Hamsters are a great second pet for most children. The first should be goldfish. If they can show some empathy there and keep it alive for a while they have earned the promotion to a hamster. Hamsters do die easily but are cheap to replace and if you pick one with a basic color you can likely replace it without your child even knowing. Yet most people don’t realize that hamsters are actually a wild rodent. They originated in Asia but moved to Europe during the Ice Age. The population in Europe thrived for many years but recently has started to dwindle. As the wild hamster now faces extinction experts are asking why.
Of course, the usual answers are popping up and likely do explain the lower population of the hamster. The agricultural lands in Europe have changed dramatically over the years. While they once held rich soils and a variety of crops throughout the year, they now are increasingly home to a mono-crop environment and the soils are decreasing in quality as a result.
To study the hamster population, researchers had to wait till after the hamsters gave birth and looked after the young. They had no way to see what was happening underground so were only able to chart the numbers when they came above ground a few weeks later. What they found was that hamsters were having much smaller litters and less often. In the past, they were having multiple litters a year and around eight pups per litter. In modern times they were having one a year and between one and four pups. Clearly, something was wrong.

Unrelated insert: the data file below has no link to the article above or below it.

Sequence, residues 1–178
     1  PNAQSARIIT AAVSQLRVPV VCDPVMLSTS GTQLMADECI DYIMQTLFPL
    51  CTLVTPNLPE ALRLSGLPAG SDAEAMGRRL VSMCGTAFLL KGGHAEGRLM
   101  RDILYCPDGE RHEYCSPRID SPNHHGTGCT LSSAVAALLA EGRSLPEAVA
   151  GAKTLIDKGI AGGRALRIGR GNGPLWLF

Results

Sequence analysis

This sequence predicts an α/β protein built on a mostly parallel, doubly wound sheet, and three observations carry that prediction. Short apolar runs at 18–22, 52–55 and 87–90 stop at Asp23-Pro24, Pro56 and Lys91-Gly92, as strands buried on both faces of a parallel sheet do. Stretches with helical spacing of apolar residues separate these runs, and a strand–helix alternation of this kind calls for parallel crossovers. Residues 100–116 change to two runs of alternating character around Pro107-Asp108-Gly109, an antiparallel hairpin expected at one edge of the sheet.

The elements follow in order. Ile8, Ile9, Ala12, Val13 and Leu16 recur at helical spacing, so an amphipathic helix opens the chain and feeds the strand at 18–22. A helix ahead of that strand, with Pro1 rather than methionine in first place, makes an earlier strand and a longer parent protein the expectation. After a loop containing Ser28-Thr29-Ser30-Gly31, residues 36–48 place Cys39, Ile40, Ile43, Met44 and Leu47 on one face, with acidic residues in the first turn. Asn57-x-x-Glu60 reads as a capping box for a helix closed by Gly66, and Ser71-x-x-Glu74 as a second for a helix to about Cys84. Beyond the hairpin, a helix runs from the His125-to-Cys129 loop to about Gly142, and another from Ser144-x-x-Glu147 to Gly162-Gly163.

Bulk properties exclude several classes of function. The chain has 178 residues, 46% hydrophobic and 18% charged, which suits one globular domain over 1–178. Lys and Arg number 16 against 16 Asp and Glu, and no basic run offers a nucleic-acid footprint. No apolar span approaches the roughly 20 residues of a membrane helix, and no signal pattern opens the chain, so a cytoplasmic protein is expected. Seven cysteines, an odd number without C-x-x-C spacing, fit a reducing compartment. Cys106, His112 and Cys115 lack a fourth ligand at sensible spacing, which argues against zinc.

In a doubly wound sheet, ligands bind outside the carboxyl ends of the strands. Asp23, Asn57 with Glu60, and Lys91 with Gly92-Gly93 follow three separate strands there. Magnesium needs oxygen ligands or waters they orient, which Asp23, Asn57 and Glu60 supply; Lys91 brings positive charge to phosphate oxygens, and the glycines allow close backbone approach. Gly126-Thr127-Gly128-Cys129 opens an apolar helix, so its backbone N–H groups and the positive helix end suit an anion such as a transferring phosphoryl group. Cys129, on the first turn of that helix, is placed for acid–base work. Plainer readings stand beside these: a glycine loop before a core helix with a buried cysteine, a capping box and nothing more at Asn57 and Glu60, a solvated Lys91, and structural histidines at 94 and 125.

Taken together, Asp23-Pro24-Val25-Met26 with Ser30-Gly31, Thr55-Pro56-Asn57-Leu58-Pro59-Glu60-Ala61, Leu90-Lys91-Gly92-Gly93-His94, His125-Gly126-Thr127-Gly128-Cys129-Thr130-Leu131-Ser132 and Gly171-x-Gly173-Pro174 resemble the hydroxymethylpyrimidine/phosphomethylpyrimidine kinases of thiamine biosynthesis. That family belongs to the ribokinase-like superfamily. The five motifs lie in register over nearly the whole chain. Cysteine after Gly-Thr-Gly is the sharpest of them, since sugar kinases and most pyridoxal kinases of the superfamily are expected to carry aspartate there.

Hamsters were soon included in the protected species list of many European countries. Orders were placed to address the agricultural issues that were taking place by the European Union and large fines were proposed for those who did not address the agricultural issues and declining wild animal population.
At the same time, there was a study taking place where one researcher actually took a litter of hamsters into her care. For the first time, she would be able to analyze the birth of the litter from the moment it took place until adulthood, instead of waiting for them to emerge from their burrows. What she found was incredibly shocking.
The first litter that she looked after gave birth to a large number of pups, she was delighted. However, when she returned to the pups the next day, they were all dead. The mother hamster had eaten them all. She didn’t understand why but continued to monitor a number of new litters and the result remained the same. She had the hamsters on the same diet as a wild Alsace hamster so was recreating the environment perfectly. Why were the hamsters eating their young? Were they doing it in the wild?
She went to another researcher and asked for advice. She asked if she was doing something wrong if she should stop the study. Her colleague told her to continue that a strange result is a result that requires further examination. After considerable efforts, she realized the cause. The majority of crops in Europe had now switched to corn. This is something that is happening around the world. People who eat a diet solely of corn end up with a Vitamin B3 deficiency and get a disease called pellagra. Pellagra no longer exists in the developed world but poor countries still suffer from this disease. It can result in diarrhea, skin rash, paranoia, depression, and hallucinations. The disease has been used as a defense in murder trials! It appears that the hamsters were eating their young because of a B3 deficiency.
The research started to supplement the hamster diets with B3 and they quickly stopped eating their young. The cannibal issue appeared to have a solution. However, it appears very difficult to give wild hamsters B3 supplements. Unless the European Union can place a ruling that forces the planting of other vegetables high in B3, then this solution may not be able to stop the eventual extinction of the wild hamster.